Many of us weren’t born frugal. We had to convert to frugality so we could survive financially. And it’s hard, I know. I’m one of those people.
I used to come and go as I pleased. Bought what I wanted. Ate out as often as I cared to. As a result, I ended up with a mountain of debt — that my parents bailed me out of more than once. As thankful as I was, it took me a lot longer to learn lessons that others seemed to grasp without much effort.
Learning to be frugal was brutal.
I had to shift several behaviors before I could be financially intelligent. Once I did, the monkey on my back lightened a little, and then finally, a lot. I don’t know that I’ll ever fully adapt, but there are three things that have made my transition much easier.
Here are my tips to help you lose the frugal blues:
1. Get In Your Head
Once I stopped thinking that I had to have everything I wanted, when I wanted it, becoming more frugal was a little easier.
It’s a mind game. It’s all in how we think about what we have to do that makes things hard or easy. Get it out of your head that you’re being punished because you can’t have the PS4 this Christmas. Instead, think about how you’re stoked to be nearing your dream of financial stability.
When you re-frame your reality in a positive manner, things become more manageable. Your brain won’t be focused on how bad things are, and will no longer drain your energy in painful anticipation.
But that’s only part of the battle.
2. Spend Your Time Wisely
Once I’d made up my mind to start fresh and look through rose-colored glasses at my frugal future, I knew I had to find new and better ways to entertain myself. I needed to find alternatives to shopping for the latest electronics or eating out at the hottest restaurants.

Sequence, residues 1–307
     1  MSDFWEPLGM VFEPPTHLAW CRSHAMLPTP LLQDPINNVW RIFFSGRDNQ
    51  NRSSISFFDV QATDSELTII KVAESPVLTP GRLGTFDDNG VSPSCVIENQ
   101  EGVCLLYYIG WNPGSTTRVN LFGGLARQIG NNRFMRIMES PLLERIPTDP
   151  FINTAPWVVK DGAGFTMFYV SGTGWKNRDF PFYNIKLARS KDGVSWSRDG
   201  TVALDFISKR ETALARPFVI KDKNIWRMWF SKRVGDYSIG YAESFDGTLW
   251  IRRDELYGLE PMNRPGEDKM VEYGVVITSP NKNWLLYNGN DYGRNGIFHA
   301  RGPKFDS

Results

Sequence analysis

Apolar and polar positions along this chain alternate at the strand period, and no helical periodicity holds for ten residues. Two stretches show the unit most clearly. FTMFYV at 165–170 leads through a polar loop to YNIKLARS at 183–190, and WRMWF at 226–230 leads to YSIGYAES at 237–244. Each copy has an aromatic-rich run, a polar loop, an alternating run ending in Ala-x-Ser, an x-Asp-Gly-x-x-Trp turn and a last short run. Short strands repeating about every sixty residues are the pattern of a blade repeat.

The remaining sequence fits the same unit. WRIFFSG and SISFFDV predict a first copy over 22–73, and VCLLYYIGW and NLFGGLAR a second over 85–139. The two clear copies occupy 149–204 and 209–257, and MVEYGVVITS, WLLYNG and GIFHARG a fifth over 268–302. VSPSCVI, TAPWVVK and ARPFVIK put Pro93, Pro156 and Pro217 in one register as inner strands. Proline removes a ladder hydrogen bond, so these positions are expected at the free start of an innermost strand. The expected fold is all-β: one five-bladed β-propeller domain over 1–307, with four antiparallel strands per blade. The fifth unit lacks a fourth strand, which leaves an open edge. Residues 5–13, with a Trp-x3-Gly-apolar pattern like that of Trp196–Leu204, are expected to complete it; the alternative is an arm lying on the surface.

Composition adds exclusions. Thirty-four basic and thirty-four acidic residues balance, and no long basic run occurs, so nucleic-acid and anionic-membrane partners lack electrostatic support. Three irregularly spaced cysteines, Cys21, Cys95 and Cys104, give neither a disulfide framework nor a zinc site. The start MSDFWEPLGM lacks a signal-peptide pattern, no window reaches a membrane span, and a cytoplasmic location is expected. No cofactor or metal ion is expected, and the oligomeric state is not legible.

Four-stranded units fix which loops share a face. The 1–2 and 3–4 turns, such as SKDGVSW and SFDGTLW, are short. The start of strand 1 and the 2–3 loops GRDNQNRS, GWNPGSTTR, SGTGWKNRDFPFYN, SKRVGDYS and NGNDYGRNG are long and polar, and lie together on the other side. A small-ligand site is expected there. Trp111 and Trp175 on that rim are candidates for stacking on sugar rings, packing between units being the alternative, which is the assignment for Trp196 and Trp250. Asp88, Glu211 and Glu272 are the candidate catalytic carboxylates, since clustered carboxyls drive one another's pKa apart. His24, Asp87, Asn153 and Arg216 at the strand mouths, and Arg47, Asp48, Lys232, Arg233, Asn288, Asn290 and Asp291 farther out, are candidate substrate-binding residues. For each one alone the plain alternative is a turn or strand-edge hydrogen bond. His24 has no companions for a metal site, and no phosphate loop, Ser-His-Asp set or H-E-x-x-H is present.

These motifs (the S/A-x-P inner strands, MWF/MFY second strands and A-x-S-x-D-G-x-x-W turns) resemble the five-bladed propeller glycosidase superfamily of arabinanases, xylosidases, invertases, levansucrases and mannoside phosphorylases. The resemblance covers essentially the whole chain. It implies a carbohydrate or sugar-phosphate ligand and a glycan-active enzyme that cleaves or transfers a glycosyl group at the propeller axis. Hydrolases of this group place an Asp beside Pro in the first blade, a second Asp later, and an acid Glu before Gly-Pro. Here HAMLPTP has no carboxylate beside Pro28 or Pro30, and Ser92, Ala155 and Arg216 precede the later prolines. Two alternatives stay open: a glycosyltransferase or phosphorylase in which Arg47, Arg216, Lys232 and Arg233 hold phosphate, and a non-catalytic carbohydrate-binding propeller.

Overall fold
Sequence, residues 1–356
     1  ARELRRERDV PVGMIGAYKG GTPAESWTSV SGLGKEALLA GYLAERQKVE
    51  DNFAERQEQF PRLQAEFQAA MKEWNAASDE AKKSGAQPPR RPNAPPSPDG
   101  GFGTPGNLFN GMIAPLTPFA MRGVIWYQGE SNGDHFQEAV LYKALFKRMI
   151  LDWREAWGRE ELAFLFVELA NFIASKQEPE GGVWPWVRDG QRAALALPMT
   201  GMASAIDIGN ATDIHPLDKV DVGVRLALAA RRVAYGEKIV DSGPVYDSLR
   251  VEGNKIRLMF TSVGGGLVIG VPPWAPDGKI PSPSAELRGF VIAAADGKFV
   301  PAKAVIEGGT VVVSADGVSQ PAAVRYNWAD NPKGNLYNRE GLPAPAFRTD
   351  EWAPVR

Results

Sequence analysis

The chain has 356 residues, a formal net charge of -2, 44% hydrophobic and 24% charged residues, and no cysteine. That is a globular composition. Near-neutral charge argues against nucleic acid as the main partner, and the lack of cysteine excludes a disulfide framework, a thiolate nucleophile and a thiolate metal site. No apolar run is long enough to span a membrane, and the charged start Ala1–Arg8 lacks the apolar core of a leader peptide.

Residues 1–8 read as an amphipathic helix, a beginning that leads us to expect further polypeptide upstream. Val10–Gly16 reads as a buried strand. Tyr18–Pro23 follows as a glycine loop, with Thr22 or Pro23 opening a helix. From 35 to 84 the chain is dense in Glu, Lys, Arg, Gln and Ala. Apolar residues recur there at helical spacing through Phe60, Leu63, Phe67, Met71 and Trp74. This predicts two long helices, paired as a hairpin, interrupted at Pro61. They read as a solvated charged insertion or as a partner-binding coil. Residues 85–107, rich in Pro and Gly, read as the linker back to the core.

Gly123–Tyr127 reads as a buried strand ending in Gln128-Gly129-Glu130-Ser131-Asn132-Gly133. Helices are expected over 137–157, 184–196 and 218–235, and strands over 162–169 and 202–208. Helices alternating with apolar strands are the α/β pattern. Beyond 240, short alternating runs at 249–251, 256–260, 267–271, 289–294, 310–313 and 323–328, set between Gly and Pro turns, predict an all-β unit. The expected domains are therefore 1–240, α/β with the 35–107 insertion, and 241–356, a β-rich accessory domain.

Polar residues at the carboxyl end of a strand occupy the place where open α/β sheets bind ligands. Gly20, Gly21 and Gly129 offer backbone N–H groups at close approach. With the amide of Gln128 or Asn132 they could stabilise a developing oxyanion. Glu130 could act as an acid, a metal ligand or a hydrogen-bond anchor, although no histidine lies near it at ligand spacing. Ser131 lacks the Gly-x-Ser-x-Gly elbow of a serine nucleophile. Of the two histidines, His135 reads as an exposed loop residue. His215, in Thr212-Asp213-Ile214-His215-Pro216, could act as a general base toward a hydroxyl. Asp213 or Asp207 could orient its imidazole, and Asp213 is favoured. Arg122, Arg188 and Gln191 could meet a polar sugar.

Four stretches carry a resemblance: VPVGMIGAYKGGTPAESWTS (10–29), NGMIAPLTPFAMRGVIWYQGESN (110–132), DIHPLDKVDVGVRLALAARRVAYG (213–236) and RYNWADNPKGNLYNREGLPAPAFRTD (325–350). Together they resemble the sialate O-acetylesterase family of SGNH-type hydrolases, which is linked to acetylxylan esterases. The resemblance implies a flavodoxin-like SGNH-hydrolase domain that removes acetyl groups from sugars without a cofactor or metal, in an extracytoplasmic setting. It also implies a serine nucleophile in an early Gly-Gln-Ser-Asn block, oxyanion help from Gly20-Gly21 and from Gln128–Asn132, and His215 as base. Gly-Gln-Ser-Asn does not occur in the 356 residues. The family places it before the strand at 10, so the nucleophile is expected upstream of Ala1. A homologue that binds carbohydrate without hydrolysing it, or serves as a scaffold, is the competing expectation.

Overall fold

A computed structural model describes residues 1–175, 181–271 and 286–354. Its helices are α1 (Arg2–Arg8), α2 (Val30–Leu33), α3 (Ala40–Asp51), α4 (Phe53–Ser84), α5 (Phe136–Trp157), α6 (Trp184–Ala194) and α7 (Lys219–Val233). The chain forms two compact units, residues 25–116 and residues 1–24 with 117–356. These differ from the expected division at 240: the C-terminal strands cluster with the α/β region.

This was particularly hard on my days off. I had time to waste — and you know the saying about idle hands. I’d remind myself of my new goals and go looking for other interesting activities. People watching was always fun: I’d sit in the mall listening and observing. Sometimes, I gave them their own stories.
The library opened up a new world for me at that time. I’d always enjoyed reading, but I never actually made time to do it. I eventually joined the book clubs and enrolled in cool classes to take (which were almost always free). The library turned out to be so much more than a building full of books.
3. Find New Friends
When I decided to live frugally, I knew my friends would make it hard. They were like the former me, with no interest in changing. Everything we did revolved around spending; I couldn’t expect them to change just because I did. Yes, in a perfect world, they’d accept me and my evolution, but turning down invitation after invitation got as old for me as hearing “no” did for them.
So, in my quest for cool and frugal stuff to do, I made new friends — friends who were interested in the same things. Knowing them made it easier to be frugal, because I wasn’t always hounded to throw my hard-earned dollars away in frivolous ways. We’d meet at concerts in the park, have picnics, and visit museums. That’s stuff my old crew would never do.
If you want to make frugality a sustainable option, find people who are working towards the same goals as you. They not only won’t tempt you to spend, but they’ll also help you to stay on track.
Converting to a frugal life isn’t easy — especially if you’re coming from a high-spending lifestyle where you kept up with the latest trends, styles, and restaurants. With these simple changes, however, you’ll be able to settle into your new path with more ease.
What’s the toughest part of converting to a frugal life for you?